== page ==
3.The dissenting judges suggested that, in the absence of legal protection, lies could be exposed by counterargument.

At least in this case, it seems that the Supreme Court did consider lying (deliberate lies) to be a form of speech that was not protected under the first amendment.
I would argue that in the case of statements involving less deliberate lies, the elements of the statement that are false are only covered in order to protect those elements that are not false and that the false element remains unconstitutional.
The dissenting Judges were rallying around the idealistic, and rather unrealistic, notion that the "truth will out", even without their assistance.

Lying is almost always morally negative and in many arenas can lead to injustice. The only justification for tolerating it is expediency. As such, although not specifically prohibited by the first amendment, lying is counter to the spirit of the constitution and is therefore unconstitutional.


Pro has cited a webpage discussing 1st amendment jurisprudence with respect to defamatory lies. This does little more than to show than defamatory lies are not protected by the 1st amendment. That defamatory lies are not protected by the 1st amendment is not disputed here. I agree with Pro that those types of lies are not protected by the 1st amendment. However, that does not mean that lying is unconstitutional. My response to this is the same as it was before - Just because an activity is not protected by the constitution doesn't mean that the activity is unconstitutional.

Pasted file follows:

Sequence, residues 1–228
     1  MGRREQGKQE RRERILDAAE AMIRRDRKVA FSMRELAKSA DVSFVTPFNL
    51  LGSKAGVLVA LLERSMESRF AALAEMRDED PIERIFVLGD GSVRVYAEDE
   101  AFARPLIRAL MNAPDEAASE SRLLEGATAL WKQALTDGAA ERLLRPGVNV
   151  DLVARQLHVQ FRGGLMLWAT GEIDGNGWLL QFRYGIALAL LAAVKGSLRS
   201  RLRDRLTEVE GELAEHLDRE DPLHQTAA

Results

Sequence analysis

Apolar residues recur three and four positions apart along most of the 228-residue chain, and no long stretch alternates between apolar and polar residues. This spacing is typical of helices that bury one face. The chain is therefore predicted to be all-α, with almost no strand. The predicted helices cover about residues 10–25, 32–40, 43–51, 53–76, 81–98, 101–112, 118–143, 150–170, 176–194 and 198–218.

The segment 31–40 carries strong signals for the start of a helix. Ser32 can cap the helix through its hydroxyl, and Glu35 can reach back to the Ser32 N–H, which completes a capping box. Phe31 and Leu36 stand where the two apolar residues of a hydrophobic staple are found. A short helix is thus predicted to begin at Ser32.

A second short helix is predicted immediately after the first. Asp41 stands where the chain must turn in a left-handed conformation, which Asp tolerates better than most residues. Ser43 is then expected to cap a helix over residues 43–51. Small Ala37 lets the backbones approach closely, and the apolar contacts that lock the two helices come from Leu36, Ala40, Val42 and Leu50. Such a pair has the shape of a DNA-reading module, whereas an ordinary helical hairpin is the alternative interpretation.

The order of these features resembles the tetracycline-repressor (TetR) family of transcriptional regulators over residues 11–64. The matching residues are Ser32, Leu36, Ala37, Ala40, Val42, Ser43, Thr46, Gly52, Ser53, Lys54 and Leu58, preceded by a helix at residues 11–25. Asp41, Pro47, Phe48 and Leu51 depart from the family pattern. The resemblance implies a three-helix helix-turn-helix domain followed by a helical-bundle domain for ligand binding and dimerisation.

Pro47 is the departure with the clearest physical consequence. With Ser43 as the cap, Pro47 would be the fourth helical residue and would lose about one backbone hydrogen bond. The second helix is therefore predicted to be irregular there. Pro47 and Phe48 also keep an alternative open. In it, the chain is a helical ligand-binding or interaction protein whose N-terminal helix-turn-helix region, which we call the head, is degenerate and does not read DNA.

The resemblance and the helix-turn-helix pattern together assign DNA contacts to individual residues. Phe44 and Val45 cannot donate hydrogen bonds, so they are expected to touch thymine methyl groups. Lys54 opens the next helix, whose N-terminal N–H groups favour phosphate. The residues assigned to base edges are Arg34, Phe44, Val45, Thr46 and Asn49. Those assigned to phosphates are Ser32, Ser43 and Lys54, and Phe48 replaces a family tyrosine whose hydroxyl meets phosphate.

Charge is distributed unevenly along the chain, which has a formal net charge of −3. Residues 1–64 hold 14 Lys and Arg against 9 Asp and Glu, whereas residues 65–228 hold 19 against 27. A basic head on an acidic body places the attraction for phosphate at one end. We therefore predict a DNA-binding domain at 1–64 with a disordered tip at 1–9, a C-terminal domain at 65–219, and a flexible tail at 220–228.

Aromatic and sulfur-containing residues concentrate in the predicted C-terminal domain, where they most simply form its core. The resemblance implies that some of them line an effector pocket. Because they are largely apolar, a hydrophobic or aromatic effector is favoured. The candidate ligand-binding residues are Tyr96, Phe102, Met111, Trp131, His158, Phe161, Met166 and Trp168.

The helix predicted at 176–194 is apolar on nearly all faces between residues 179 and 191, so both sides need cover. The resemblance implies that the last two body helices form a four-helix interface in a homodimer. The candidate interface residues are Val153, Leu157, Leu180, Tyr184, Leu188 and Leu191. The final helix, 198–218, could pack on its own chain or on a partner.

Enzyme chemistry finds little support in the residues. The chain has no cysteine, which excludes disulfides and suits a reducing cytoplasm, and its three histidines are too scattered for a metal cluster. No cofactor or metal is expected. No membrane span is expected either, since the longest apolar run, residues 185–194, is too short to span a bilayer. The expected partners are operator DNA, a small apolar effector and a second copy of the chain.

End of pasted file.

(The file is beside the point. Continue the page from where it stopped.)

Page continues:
Pro argues that "the false element remains unconstitutional", that "lying is almost always morally negative and in many areas can lead to injustice", and that "lying is counter to the spirit of the constitution and is therefore unconstitutional".

I do not think Pro understands what it means for something to be unconstitutional. For something to be unconstitutional, it must be prohibited by the constitution. See these definitions:

"not allowed or not legal according to the constitution (=set of official rules or principles) of a particular country or organization"

"In violation of the requirements of the constitution of a nation or state."

I'm aware of no definition, and Pro has cited no authority, indicating that "the spirit of the constitution" is what matters. Pro has not supported this claim. It should not be taken seriously, and, beyond that, Pro has not shown that lying per se is contrary to the spirit of the constitution. The constitution appears to be silent on that issue.
Debate Round No. 3
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Vote Placed by dsjpk5 1 year ago